5. Lifting N Tx

    Lifting N Tx New Member

    I think that the use of the term &quot;genetic potential&quot; perhaps throws the discussion off a bit. I think that most just want to know what they can reasonably expect if they control the things that they can control (training, diet, etc.), given what they can't control (heredity).

    Obviously if our knowledge of training, nutrition, etc advances, then the part that we can control will allow better results. Our expectations should then increase, as Andrew and Fausto state. I don't think that most are looking for an ultimate theoretical answer here.

    Let me give a hypothetical situation: your friend has been training about as long as you. He is getting a lot better results than you, and your results have slowed a lot. It looks like you'll never get as big as him. Should you consider major changes in your training? Even if you are doing the same things as him, maybe a different training method would be better for you. Are your slower results due to genetics or to not finding the best training for you?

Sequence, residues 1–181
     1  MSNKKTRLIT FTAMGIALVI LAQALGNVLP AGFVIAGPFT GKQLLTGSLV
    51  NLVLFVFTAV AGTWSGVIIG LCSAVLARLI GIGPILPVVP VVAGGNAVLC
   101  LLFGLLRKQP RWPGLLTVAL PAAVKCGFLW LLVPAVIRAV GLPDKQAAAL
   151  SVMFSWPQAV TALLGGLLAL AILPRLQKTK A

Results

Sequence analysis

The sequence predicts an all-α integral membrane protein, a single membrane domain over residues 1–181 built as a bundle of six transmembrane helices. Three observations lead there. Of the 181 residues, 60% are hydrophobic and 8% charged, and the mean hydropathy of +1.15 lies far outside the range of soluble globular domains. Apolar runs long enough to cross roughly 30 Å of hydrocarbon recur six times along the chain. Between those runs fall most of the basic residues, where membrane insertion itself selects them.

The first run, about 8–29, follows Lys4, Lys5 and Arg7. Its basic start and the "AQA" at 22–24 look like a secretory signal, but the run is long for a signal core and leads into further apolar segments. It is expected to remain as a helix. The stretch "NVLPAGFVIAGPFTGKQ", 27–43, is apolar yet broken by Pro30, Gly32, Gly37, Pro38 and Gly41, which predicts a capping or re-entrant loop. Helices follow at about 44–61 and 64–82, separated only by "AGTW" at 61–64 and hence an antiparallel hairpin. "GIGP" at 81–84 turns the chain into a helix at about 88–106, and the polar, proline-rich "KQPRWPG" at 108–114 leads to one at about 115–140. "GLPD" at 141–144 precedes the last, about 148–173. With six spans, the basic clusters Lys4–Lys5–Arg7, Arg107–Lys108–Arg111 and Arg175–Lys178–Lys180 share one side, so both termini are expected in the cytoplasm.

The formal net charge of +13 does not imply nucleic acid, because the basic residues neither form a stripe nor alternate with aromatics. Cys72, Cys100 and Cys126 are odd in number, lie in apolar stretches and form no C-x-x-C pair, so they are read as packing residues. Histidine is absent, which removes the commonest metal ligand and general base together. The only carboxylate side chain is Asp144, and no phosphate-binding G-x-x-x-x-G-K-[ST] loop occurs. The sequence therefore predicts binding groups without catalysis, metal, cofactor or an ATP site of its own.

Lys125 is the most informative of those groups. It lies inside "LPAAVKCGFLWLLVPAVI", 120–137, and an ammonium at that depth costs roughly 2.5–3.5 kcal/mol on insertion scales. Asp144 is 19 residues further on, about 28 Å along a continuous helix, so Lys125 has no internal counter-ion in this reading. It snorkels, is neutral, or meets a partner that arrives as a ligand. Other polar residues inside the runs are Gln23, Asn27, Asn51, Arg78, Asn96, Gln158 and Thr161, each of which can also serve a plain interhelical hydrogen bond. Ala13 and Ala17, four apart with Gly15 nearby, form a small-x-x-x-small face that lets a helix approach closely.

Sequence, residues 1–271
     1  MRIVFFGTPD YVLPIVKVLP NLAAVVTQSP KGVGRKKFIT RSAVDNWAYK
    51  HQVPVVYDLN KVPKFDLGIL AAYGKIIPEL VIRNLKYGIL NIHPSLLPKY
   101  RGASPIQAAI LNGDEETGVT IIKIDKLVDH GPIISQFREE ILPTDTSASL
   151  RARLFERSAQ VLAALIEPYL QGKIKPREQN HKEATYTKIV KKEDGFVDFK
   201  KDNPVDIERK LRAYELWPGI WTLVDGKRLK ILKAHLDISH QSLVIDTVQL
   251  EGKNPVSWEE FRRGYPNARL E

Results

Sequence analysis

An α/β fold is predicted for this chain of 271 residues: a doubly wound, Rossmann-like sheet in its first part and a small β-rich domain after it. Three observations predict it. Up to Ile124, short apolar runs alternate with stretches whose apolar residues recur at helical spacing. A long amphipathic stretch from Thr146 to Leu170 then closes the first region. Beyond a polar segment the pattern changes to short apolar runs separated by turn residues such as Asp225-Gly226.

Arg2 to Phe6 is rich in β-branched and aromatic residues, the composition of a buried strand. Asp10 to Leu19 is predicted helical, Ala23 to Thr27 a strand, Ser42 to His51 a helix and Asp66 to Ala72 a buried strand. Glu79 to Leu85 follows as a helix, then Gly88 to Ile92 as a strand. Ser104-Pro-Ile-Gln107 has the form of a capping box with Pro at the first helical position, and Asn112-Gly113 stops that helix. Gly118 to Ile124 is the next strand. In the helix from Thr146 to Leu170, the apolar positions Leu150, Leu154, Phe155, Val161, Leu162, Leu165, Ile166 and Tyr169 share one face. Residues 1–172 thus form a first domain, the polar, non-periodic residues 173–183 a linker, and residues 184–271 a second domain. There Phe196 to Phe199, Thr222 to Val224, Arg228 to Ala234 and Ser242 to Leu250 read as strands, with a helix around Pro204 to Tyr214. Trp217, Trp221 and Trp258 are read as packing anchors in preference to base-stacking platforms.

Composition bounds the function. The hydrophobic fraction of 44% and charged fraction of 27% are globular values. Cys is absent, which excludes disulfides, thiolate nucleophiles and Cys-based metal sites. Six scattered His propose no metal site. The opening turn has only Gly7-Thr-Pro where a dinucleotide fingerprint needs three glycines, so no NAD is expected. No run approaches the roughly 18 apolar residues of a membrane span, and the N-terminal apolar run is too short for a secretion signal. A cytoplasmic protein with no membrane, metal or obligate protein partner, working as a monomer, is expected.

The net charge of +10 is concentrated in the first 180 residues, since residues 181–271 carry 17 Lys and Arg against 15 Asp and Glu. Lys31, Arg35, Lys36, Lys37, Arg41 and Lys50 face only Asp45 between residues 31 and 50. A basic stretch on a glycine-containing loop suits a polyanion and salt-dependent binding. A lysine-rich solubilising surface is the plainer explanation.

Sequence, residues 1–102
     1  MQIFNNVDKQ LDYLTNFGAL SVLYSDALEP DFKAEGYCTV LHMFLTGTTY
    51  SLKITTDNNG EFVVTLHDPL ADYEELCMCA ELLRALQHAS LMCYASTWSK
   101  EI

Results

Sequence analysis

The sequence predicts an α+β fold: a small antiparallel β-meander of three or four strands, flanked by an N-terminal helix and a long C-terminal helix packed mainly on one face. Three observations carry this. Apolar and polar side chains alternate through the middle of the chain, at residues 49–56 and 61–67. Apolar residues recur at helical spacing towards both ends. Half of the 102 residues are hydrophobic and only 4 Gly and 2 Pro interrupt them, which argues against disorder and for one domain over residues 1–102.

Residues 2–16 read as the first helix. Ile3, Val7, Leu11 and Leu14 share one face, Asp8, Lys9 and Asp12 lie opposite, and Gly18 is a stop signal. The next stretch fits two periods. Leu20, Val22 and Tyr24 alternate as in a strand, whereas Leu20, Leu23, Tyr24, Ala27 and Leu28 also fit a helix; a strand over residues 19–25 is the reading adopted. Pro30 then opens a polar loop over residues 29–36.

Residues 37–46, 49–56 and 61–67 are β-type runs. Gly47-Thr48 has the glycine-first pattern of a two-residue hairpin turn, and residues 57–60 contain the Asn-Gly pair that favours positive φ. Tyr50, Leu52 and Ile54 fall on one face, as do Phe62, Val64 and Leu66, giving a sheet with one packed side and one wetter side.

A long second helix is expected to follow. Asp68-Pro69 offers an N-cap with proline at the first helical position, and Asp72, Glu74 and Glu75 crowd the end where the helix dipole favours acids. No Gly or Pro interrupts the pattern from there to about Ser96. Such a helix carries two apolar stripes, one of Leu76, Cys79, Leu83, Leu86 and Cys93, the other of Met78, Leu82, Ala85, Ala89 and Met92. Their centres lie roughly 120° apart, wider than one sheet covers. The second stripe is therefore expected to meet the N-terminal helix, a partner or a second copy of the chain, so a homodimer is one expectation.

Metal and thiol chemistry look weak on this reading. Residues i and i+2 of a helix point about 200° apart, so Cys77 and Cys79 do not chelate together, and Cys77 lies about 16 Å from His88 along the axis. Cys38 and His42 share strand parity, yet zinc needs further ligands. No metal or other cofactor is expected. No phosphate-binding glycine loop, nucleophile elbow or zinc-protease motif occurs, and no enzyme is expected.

I don't think that the state of the art is such that we have a tool available to tell us this at a level of accuracy that is much better than a wild guess.
     
  6. Fausto

    Fausto HST Expert

    <div></div><div id="QUOTEHEAD">QUOTE</div><div id="QUOTE">Let me give a hypothetical situation: your friend has been training about as long as you. He is getting a lot better results than you, and your results have slowed a lot. It looks like you'll never get as big as him. Should you consider major changes in your training? Even if you are doing the same things as him, maybe a different training method would be better for you. Are your slower results due to genetics or to not finding the best training for you?</div>